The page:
The joke cards and the ones in bad taste took less time because Lindsay was not tempted to pause and look at them, as he did with some. He had particularly liked one group in the African sub-set, with cards painted in colors that seemed strange in mid-winter. The Western cowboy ones were peculiar, but he supposed that on a ranch, people did celebrate Christmas, and they probably wore spurs and tall hats.

Light was seeping through an old window at the back of the house, one that no one had bothered to repair because the museum’s treasures did not deem this level of security necessary. Daylight, he realized, came very late on December 25. It was time to go home.

Ye olde English carole

He looked around in satisfaction and as he did, the words to an old English carol flowed smoothly into his mind. “Luly, lulay, thou little tiny child, by-by Luly lulay.”

He sat down in astonishment. More songs poured into his head, verses and verses that he had not heard or remembered for years. He closed his eyes and the smell of Christmas cake came to him. Around it wove his father’s pipe smoke, Prince Edward tobacco from a tall thin tin box with the lid he loved to pop off and smell when Father dozed. The neighbors came singing on Boxing Day evening. The little table by the door held sweets he had helped his mother make, and he would offer the tray round to the singers.

At some point Lindsay slept, stretched out on the floor with his head resting on a box of patchwork Christmas cards from Tennessee. When he woke up, three things were immediately clear: he would write down every family tradition that he remembered, and there were now many of them. He would write them on the backs of his favourite cards, plucked from the tea heiress’s treasure trove – and he would love the naughtiness of doing something that went against all his training. Then he would mail the cards to his children, telling each that the other had a matching one, and they must get together often, if not every year, and share the cards, and remember the traditions.

Taking the wonky out of Christmas

Lindsay MacGregor was about to send the first Christmas cards of his life, he realized. What a wonderful joke I’m playing on myself, chuckled the man who didn’t love Christmas hoopla.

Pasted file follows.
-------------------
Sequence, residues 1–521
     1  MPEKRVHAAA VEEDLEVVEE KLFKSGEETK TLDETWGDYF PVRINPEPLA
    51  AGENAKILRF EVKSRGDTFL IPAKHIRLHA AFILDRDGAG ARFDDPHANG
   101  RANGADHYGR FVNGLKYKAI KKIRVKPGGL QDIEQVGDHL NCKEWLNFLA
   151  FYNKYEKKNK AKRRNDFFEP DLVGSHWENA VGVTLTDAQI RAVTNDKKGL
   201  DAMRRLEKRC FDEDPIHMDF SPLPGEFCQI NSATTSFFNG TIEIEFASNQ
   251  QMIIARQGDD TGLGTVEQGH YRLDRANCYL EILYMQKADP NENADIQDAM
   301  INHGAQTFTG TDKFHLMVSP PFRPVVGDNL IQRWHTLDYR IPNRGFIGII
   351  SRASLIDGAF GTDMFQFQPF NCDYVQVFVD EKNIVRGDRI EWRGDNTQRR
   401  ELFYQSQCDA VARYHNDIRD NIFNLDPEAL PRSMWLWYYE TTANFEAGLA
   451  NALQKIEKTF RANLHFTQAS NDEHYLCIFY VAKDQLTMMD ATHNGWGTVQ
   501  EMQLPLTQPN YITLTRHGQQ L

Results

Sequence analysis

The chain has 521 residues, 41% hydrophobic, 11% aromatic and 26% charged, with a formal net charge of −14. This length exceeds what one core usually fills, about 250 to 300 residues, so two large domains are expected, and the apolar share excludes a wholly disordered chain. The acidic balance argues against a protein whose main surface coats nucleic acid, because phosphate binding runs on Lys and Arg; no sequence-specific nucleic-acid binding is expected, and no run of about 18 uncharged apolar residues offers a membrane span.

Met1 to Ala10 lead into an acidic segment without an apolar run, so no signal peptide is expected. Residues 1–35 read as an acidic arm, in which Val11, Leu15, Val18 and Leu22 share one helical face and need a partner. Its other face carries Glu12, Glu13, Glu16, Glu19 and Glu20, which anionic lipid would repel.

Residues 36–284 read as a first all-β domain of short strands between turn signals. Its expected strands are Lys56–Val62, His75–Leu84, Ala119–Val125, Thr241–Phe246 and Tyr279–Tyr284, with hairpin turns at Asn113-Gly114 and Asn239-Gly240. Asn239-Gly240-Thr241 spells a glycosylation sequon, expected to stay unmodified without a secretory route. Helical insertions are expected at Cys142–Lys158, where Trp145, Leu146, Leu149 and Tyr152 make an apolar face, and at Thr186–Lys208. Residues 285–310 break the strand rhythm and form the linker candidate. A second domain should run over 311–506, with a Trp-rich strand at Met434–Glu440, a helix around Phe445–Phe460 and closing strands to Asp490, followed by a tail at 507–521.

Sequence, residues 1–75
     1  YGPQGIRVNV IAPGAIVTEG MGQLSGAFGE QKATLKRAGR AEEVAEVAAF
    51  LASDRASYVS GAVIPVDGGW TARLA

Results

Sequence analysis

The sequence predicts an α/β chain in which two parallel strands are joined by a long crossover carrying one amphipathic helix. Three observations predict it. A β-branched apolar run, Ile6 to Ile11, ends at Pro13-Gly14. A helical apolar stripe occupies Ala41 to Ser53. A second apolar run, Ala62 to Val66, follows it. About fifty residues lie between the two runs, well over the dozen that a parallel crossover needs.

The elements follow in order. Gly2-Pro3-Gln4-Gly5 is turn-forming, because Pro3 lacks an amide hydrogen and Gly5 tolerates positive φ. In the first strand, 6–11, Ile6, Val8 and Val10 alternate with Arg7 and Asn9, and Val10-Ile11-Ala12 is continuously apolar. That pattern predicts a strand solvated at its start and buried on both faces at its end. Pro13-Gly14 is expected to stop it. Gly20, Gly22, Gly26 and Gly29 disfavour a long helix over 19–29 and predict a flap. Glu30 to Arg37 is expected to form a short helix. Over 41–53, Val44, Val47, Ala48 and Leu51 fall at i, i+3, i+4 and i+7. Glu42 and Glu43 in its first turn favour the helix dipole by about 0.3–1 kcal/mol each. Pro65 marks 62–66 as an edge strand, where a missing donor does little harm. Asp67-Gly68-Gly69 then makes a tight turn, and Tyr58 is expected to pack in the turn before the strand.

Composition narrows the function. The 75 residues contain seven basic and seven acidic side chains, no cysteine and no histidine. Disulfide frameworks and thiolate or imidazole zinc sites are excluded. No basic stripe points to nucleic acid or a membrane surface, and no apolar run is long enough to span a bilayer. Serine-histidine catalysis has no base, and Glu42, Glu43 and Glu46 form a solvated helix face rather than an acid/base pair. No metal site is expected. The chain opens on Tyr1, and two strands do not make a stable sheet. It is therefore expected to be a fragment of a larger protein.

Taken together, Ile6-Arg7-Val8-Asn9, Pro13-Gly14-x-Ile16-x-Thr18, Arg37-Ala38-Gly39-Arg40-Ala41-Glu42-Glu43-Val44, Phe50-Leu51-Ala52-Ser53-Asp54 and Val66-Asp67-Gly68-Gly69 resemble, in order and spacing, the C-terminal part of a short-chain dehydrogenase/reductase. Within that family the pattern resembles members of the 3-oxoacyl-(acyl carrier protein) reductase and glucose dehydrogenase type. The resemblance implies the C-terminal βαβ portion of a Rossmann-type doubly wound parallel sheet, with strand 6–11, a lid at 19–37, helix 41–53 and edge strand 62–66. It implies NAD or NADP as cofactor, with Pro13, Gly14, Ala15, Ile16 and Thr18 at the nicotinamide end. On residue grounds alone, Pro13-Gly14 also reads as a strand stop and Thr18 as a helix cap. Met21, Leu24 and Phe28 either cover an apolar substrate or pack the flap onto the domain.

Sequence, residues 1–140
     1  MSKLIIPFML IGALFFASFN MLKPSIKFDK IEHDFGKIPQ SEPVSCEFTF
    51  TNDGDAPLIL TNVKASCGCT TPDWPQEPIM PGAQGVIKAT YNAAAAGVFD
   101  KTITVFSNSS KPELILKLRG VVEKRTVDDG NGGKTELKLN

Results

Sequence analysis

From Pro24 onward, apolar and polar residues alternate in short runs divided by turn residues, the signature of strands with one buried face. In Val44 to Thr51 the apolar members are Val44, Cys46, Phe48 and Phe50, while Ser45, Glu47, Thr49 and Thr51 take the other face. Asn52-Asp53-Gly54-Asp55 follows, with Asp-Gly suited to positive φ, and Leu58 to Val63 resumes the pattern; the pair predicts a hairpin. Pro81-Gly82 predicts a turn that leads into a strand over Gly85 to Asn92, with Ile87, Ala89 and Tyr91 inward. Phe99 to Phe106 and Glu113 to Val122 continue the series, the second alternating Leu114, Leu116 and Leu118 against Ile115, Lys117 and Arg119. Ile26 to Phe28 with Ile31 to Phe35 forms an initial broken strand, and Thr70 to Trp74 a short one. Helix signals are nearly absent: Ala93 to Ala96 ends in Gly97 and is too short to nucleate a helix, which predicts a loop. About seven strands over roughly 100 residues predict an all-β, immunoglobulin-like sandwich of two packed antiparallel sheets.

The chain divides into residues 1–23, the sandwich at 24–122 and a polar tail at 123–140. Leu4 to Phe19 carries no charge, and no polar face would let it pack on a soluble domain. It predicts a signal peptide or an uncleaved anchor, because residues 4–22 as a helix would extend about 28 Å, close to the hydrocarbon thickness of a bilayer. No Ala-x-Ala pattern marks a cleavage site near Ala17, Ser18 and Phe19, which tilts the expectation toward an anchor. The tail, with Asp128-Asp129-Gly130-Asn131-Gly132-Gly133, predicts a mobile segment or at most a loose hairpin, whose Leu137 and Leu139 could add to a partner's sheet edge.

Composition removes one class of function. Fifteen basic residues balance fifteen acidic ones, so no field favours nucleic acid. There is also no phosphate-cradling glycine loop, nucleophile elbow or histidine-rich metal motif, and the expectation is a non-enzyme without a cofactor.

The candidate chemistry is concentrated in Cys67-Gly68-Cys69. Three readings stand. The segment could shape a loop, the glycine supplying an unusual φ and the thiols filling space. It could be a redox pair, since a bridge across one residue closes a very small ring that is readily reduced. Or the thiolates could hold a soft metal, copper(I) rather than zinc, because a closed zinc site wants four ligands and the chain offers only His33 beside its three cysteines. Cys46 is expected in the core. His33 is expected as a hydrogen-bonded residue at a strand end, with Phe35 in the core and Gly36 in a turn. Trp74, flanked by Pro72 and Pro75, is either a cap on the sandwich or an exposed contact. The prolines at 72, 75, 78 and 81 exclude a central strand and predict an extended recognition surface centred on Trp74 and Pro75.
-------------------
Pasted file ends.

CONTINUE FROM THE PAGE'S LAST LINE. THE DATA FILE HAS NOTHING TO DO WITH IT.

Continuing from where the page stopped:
But a better joke awaited him at the door, as he turned the heavy old key to go home, leaving the museum silent for Christmas morning.

“Bonnes fêtes!” called out the young girl who carried special delivery letters. “I didn’t think I would find anyone here today!”

He studied the envelope for a moment after she was gone, puzzled. It was sent express, special delivery, but it bore a date three weeks earlier, as if the sender has asked in advance for it to be rushed to the museum on Christmas Day.

A perfectly white card

Inside was a plain white card, but as he looked more closely it had an embossed cup of tea next to a present, on a small table with a Christmas tree. “I hope by now you will understand,” said the elegant handwriting with tall letters and many thin loops, on the inside of the card. “People were astonished to learn that I collected Christmas cards when I would say that I had never sent one in all my life. In my family, this would not have been acceptable. Just once, one time only, I wanted to be free to send a card. And one day I realized that while I had never sent one in all my life, I could send one in my death, to the one person who might enjoy it, the curator of my collection!

“And so I have gone to the grave laughing with pleasure. This is the only chance I will have to ask you to pick out a few of your favourites, without worrying that they belong to the collection. You might even want to send some of them. It’s a temptation we should not resist!”

the end